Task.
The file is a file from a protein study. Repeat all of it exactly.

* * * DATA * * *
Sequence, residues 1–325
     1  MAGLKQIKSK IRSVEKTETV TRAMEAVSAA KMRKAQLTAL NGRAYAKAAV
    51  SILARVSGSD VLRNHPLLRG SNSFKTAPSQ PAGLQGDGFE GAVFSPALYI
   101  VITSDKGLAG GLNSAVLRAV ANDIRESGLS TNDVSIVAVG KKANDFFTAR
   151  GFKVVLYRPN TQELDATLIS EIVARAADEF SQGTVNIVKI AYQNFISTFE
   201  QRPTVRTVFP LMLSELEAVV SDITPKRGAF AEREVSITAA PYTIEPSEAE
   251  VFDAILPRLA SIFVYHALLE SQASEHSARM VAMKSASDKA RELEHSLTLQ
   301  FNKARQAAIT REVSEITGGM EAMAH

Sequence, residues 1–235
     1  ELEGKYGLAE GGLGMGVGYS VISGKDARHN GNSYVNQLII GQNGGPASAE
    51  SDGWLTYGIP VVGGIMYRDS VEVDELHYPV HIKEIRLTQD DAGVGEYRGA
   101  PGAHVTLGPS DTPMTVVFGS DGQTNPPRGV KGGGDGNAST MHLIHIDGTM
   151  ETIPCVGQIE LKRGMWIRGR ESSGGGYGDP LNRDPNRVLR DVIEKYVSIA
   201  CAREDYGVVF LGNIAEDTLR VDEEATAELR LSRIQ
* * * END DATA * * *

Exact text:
Sequence, residues 1–325
     1  MAGLKQIKSK IRSVEKTETV TRAMEAVSAA KMRKAQLTAL NGRAYAKAAV
    51  SILARVSGSD VLRNHPLLRG SNSFKTAPSQ PAGLQGDGFE GAVFSPALYI
   101  VITSDKGLAG GLNSAVLRAV ANDIRESGLS TNDVSIVAVG KKANDFFTAR
   151  GFKVVLYRPN TQELDATLIS EIVARAADEF SQGTVNIVKI AYQNFISTFE
   201  QRPTVRTVFP LMLSELEAVV SDITPKRGAF AEREVSITAA PYTIEPSEAE
   251  VFDAILPRLA SIFVYHALLE SQASEHSARM VAMKSASDKA RELEHSLTLQ
   301  FNKARQAAIT REVSEITGGM EAMAH

Sequence, residues 1–235
     1  ELEGKYGLAE GGLGMGVGYS VISGKDARHN GNSYVNQLII GQNGGPASAE
    51  SDGWLTYGIP VVGGIMYRDS VEVDELHYPV HIKEIRLTQD DAGVGEYRGA
   101  PGAHVTLGPS DTPMTVVFGS DGQTNPPRGV KGGGDGNAST MHLIHIDGTM
   151  ETIPCVGQIE LKRGMWIRGR ESSGGGYGDP LNRDPNRVLR DVIEKYVSIA
   201  CAREDYGVVF LGNIAEDTLR VDEEATAELR LSRIQ